Further Information and Privacy Policy

Privacy notice


Purpose of privacy notice

The processing of personal data is governed by the General Data Protection Regulation 2016/679 (the GDPR). This legislation will replace current data privacy law, giving more rights to you as an individual and more obligations to organisations holding your personal data.

One of the rights is a right to be informed, which means we must give you even more information than we do now about the way in which we use, share and store your personal information.

This means that we will be publishing a new privacy notice, so you can access this information, along with information about the increased rights you have in relation to the information we hold on you and the legal basis on which we are using it.

This new privacy notice comes into effect and will be published on our website on 25 May 2018.

Who are we?

AKORDIA is the data controller (arkordiaorg@gmail.com). This means we decide how your personal data is processed and for what purposes. ARKORDIA is a charity in Scotland (SC 039951)

Whose information does this privacy notice apply to?

This privacy notice applies to information we collect from:

  • patients/clients,
  • prospective patients/clients,
  • former patients/clients
  • Friends and associated organisations of ARKORDIA

What is personal data?

Personal data relates to a living individual who can be identified from that data. Identification can be by the information alone or in conjunction with any other information in the data controller’s possession or likely to come into such possession. Examples of personal data we may hold about you include your contact and appointment details.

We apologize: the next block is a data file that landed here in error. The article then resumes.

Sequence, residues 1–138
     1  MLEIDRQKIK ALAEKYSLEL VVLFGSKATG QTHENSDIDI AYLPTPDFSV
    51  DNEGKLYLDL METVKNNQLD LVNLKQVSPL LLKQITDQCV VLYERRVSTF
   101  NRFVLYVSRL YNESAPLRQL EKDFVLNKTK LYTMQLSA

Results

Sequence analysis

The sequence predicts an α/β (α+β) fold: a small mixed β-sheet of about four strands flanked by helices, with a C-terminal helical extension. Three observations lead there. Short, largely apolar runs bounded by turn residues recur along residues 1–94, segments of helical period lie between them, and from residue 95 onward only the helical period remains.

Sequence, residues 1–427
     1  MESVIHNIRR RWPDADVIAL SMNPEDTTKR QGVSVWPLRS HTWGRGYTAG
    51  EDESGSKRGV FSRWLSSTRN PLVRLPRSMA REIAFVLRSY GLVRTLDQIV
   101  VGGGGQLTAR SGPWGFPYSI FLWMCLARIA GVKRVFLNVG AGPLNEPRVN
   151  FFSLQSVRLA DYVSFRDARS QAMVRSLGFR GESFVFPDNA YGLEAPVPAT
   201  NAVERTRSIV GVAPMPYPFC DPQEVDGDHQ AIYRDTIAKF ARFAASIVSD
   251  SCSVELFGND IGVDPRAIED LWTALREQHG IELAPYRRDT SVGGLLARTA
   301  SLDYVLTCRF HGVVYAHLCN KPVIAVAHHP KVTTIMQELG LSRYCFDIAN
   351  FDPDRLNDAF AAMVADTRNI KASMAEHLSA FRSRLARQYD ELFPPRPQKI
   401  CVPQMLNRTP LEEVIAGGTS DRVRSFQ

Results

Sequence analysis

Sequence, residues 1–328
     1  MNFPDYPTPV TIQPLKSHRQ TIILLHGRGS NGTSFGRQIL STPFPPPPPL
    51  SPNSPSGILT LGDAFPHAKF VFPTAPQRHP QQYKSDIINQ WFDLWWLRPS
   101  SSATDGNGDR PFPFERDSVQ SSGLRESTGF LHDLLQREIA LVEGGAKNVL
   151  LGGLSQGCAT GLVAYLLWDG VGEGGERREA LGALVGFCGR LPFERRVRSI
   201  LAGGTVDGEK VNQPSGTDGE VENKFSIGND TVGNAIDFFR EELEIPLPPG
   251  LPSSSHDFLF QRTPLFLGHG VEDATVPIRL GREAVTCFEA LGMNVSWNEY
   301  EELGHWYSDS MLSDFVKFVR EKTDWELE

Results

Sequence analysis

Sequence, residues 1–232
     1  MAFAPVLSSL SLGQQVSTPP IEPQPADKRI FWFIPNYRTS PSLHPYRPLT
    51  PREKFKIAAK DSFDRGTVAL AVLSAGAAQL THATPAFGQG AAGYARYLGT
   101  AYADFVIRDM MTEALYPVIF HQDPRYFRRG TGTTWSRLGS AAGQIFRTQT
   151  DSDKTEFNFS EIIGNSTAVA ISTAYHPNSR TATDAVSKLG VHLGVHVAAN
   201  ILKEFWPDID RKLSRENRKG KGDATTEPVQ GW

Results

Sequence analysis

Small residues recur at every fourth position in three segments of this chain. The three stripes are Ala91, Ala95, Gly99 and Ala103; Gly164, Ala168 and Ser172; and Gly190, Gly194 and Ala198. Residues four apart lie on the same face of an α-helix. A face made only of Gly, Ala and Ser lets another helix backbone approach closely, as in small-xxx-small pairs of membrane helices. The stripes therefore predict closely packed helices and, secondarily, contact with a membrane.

Special category data is a sub-category of personal data revealing racial or ethnic origin, political opinions, religious or philosophical beliefs, or trade union membership, and the processing of genetic data, biometric data for uniquely identifying a natural person, data concerning health or data concerning a natural person’s sex life or sexual orientation. Examples of special category data we may hold about you include your patient notes. 

How do we process your personal data?

We comply with our obligations under the GDPR by keeping personal data up to date; by storing and destroying it securely; by not collecting or retaining excessive amounts of data; by protecting personal data from loss, misuse, unauthorised access and disclosure and by ensuring that appropriate technical measures are in place to protect personal data. We use your personal data for the purposes set out below. 

  1. We use your name, address, telephone number and email address to make and rearrange appointments. We are unable to send or receive encrypted emails, so you should be aware that any emails we send or receive may not be protected in transit. We will also monitor any emails sent to us, including file attachments, for viruses or malicious software. Please be aware that you have a responsibility to ensure that any email you send us is within the bounds of the law.
  2. We use your name, address, telephone number and email address, only if we have your explicit consent, to send you marketing materials. We are unable to send or receive encrypted emails so you should be aware that any emails we send or receive may not be protected in transit. We will also monitor any emails sent to us, including file attachments, for viruses or malicious software. Please be aware that you have a responsibility to ensure that any email you send us is within the bounds of the law.
  3. We keep a permanent attendance register which records all appointments for clients/patients attending sessions to keep a record of when you were treated for tax purposes and charity governance purposes and to secure potential evidence in the event of a criminal prosecution, civil litigation, insurance claim or complaint to our regulatory body (COSCA or our individual therapists’ governing body such as BACP or UKCP)